Aeronautical Engineering (MEng)
Introduction to Turbulence and Turbulence Modelling
The course aims at providing the student with a minimum background knowledge and physical understanding necessary for the critical assessment of turbulent models which the student is very likely to be confronted with in subsequent courses and in industry.
On successfully completing this course unit, students will be able to:
· describe the basic characteristics of turbulent flows, as well as their practical consequences concerning drag, dispersion of momentum/material/heat, etc;
· distinguish the differences in the mechanics of important classes of turbulent flows such as boundary free flows and wall flows;
· operate Reynolds decompositions and work out turbulent mean flow, energy, dissipation, pressure properties;
· manipulate basic turbulent models and understand their strengths and limitations;
· operate multiscale/Fourier analysis of homogeneous turbulence and derive the Kolmogorov theory of small-scale turbulence;
· derive the log-law of the wall in various ways whilst understanding the assumptions made and their limitations;
· understand the range of applicability of the Taylor frozen turbulence hypothesis fundamental for the interpretation of hot wire anemometry measurements.
· understand and operate various decompositions, mean and fluctuations on the one hand, multiscale/Fourier decompositions of fluctuations on the other, a very widely transferable skill to all types of data and PDE analyses.
· use fundamental knowledge to investigate and assess new and emerging technologies
· apply mathematical and computer-based models for solving aerodynamic fluid-flow problems in engineering
Introduction: basic characteristics of turbulent flows: 3-D, vortex stretching, energy transfer, enstrophy, strain rates, randomness and statistics.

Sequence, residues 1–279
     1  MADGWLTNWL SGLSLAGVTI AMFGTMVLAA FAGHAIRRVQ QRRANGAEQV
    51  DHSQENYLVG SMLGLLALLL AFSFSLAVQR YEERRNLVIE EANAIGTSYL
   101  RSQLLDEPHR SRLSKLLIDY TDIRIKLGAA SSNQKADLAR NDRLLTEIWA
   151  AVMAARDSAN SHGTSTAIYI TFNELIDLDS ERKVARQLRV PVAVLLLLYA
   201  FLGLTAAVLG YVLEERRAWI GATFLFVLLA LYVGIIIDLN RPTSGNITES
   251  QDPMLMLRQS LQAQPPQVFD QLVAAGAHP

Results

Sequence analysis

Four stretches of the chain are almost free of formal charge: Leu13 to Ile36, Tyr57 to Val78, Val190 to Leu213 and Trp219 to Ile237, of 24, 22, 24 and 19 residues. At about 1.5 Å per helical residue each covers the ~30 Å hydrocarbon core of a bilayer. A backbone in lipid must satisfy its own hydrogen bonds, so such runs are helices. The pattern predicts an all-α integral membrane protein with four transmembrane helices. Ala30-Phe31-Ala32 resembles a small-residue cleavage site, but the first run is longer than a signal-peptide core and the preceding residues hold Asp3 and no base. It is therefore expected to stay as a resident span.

Reynolds decomposition: mean flow turbulence fluctuations and energetics. Pivotal experimental observation concerning independence of kinetic energy dissipation rate from Reynolds number. The importance of pressure. Brief discussion of practical consequences to do with drag and dispersion of momentum, material and heat.
Examples of simple turbulent flows: two-dimensional free shear flows (jets and wakes), two-dimensional channel flow, turbulent boundary layer, decaying grid flow. Introduce the concept of statistical homogeneity and its consequences. Distinction between wall flows and free shear layers.
The Kolmogorov theory of homogeneous turbulence: The universality theory, the -5/3 law for the energy spectrum and the limitations of universality.
Wall turbulence. The log law. Anisotropic energy spectra and their scalings. Eddy structure of turbulent boundary layers and its relation to spectra.
for numerical simulation
Measurement of turbulent flows. Constant temperature anemometry, Taylor’s frozen flowfield hypothesis, basic uncertainty quantification.
2 hour written examination in January (100%)
1 x Progress test (peer marked)